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The Human Zoo


The Naked Ape is a bestseller!
Desmond Morris Writer
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This got me into all sorts of trouble because people at the time didn't want to think that there could be any genetic influences on behaviour at all. And as a zoologist, this seemed... seemed so obvious to me. So that when I sat down to write The Naked Ape, and I only had four weeks in which to do it – I took a month's leave – and I had to write an 80,000 word book in four weeks, and that nearly finished me off. I... that was day and night, non-stop. But I managed it and I gave it... handed it over to my publisher – there wasn't even a carbon copy of it, it was just as it came off the typewriter – and I handed it to him and he said, thanks very much, and he put it away. And then he read it over Christmas and got back to me very excited and said, I think this book's going to... going to be really successful. And I said, well, who knows? I mean, I honestly didn't know what would happen. I thought I'd get into trouble for it, but I didn't expect it to do very much.

And proof of that is that I'd just resigned from the zoo to take up a new post as director of the Institute of Contemporary Arts [ICA]. I had had 10 years at the zoo and I wanted to make a change and I wanted to move back into my other great love which was the world of art. And I was... I got to know the people at the ICA and I was lucky enough to get the appointment as director of that institute... art institute. And I went there and it was while I was there, running the ICA, that the book was going through the printers and getting ready for publication. And Tom Maschler rang me up and said this book is going to be huge. And I said, oh, I'll believe it when I see it. And I wouldn't have gone... people think, oh yes, that's a bit... surely that's not true, I'm sure you thought it. But no, I wrote it from the heart. This is the way I saw human beings and I wanted to tell the story of what I thought human beings were all about and if people read the book, that's fine, but I wasn't expecting very much.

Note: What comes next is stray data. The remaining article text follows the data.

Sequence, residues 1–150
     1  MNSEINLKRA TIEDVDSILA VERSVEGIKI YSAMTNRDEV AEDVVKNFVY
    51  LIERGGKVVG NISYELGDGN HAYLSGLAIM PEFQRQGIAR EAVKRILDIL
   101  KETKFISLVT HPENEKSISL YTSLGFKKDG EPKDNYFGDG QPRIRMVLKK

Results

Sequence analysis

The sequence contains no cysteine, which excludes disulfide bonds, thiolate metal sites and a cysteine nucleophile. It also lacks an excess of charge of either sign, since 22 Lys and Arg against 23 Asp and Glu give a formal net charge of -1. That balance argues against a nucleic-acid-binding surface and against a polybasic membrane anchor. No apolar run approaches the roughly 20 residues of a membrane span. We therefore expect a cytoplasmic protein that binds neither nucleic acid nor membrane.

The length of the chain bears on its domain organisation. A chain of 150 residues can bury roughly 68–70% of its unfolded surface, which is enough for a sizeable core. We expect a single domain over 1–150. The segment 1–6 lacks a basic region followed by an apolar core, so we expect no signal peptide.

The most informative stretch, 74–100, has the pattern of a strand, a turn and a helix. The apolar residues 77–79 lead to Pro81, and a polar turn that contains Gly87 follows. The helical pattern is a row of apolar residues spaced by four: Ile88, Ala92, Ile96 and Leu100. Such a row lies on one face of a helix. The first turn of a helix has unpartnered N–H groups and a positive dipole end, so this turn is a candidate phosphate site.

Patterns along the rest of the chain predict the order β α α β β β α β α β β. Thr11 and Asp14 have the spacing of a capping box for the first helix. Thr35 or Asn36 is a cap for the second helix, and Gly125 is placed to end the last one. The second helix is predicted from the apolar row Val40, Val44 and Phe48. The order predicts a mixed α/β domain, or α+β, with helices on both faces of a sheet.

And then it took off and it took off in a most extraordinary way. And today it is in the list of 100 bestsellers of all time and I still find that hard to believe. It sold – I don't know – we... at 12 million, we lost count. It... I don't know, it's probably more like 20 million by now. But we kept on counting the sales until it got to 12 million and then we gave up; we just lost interest at that point. It was just a runaway bestseller, the sort of thing that you can't possibly predict. And it went into about 30 or 40... it went into languages all... even went into, I think, Icelandic and Korean and, I mean, every language in the world. And it became a runaway bestseller. And suddenly, for the first time in my life – because I'd never had any money – first time in my life I had... I had some money. I couldn't believe it. And so Tom Ash said what are you going to do?

And I said, I'm going to go off... I'm going to do a mini-Gauguin. I'm going to go off to an island in the sun and I'm going to paint! So that's what I... I've been running an art institute, I've been a curator at the zoological society, I've been running research and doing all these things – I... it's time I took a break and I'm going off and I'm going to spend the money and have a time to myself. And so my wife and I went off to the island of Malta, bought a big house and I set up a studio and I started painting seriously.


Born in Wiltshire, UK in 1928, Desmond Morris had a strong interest in natural history from his boyhood. Later, as an undergraduate, he studied zoology, and after obtaining a First Class Honours Degree from the University of Birmingham, he moved to the Oxford University Zoology Department where he began his research into animal behaviour for his doctorate thesis. In 1957, having moved to London, Morris famously organised an exhibition at the ICA of art work created by Congo the chimpanzee. Morris's engagement with the visual arts remains strong and he has often exhibited many of his own paintings since 1950 when his paintings went on show alongside those of the surrealist painter, Jean MirĂ³. 1950 was also the year when Morris began his career in TV creating and presenting Zootime and Life in the Animal World. Soon after this, he began work on a book that has proved a huge best-seller, The Naked Ape. Focusing on human behaviour, it was the first in a series of books in which the author observes humans primarily as a species of animal. Today, Desmond Morris has lost none of his inquisitiveness and continues to observe and write about what he sees in the world around him.

Listeners: Christopher Sykes

Christopher Sykes is an independent documentary producer who has made a number of films about science and scientists for BBC TV, Channel Four, and PBS.

Tags: The Naked Ape, Institute of Contemporary Arts, Tom Maschler

Duration: 4 minutes

Date story recorded: June 2014

Date story went live: 06 November 2014